Can Catholics participate in other religions weddings?


#1

My girlfriends brother is getting married in a year to a girl who is of another religion. He is getting a married at her church. She is some Christian denomination. My girlfriend was asked by her brother to give the readings at the wedding. Is it a sin for her to give the readings at the wedding and is it a sin for her to even go to the wedding? Thanks and God Bless!!!


#2

If your girlfriend’s brother is Catholic, and getting married in ‘another Christian’ church (unless he has been given permission by his bishop to do so), then he is not marrying validly in the Catholic Church. And while nobody is going to stand guard and remove a Catholic from the wedding, it would be wrong to attend. Morally wrong. Can you find out if (if the groom to be is Catholic) he has indeed received permission?

But if your girlfriend’s brother is not Catholic, and has never been married before, there is no problem. Giving the readings though, could be problematic. Usually, people who are more fully ‘participating’ in a liturgy are perceived, rightly or wrongly, as more supportive of that liturgy. But depending on the liturgy and depending on the reading and circumstances it might not be a problem. Of course, as above, if the groom is Catholic, does not have permission to marry outside the church, then since one should not attend an invalid wedding one would not even BE there to do the readings.

Another point that may cause problems is that a Catholic may not ‘take’ a communion in a non-Catholic church. neither may a non-Catholic receive communion in a Catholic Church except under circumstances extremely rare and necessary to consult a priest for; further a Catholic not in a state of grace may not (morally) receive communion.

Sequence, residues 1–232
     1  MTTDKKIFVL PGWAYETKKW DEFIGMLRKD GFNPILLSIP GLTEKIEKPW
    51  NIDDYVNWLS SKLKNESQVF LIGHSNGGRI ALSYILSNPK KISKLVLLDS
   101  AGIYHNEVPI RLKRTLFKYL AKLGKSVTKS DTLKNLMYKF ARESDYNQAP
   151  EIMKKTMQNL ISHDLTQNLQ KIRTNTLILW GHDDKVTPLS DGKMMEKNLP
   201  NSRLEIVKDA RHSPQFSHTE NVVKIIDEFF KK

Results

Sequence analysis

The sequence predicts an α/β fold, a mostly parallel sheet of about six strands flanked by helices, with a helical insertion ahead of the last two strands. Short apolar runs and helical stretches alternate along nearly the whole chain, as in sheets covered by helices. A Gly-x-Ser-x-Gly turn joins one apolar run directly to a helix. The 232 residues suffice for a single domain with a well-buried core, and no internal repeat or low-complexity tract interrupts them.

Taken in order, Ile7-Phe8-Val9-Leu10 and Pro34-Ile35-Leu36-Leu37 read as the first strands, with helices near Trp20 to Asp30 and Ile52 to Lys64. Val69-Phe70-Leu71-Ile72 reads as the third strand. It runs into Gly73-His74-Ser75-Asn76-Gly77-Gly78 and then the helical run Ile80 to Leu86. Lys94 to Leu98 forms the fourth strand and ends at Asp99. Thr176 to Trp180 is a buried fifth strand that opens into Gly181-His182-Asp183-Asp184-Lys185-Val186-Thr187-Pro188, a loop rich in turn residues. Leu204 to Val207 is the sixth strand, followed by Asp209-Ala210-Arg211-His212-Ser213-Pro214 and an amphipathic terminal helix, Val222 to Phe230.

But as I’m sure you know, the fact that there are things which we ‘should not’ do or are morally forbidden to do does not stop many people from actually doing them, encouraging others to do them, etc. I guarantee that you’ll find scores of people, even (sadly) priests who will bleat that it is more important not to ‘disrespect’ the family and that hey, we’re all ‘one’ where it counts --and who call those who disagree with them bigots, unChristian, pharisees, etc.

If people think of Catholicism as ‘rules made by men which need to be bent, or need to be relative’. . .they’ll be more inclined to ‘break’ or to ‘interpret’ them.

If people think of Catholicism as ‘the guidelines given us by our Loving Savior, to be followed because of love of God and our deep and abiding trust in Him, even if difficult, even if OTHER PEOPLE make fun of us, or call us names, or attempt to make us look intolerant’–they might be more inclined to stop to think that if GOD says ‘X’, when everybody else says ‘Y’, maybe we should pay a little more attention and have a little more faith in GOD instead of in fallible, changeable, sinful men. . .


#3

Not enough information to give an answer. It depends upon whether your girlfriend is Catholic and whether or not her brother is Catholic. And if they are Catholic, it then depends upon whether or not permission was asked for and received to be married outside the Catholic form of marriage and also on any prior marriages of either party.


#4

Maybe, maybe not. You need to give us a wedding scorecard, like who is Catholic, who is not Catholic, and does anybody have a dispensation here if they are Catholic to be married outside the Church?


#5

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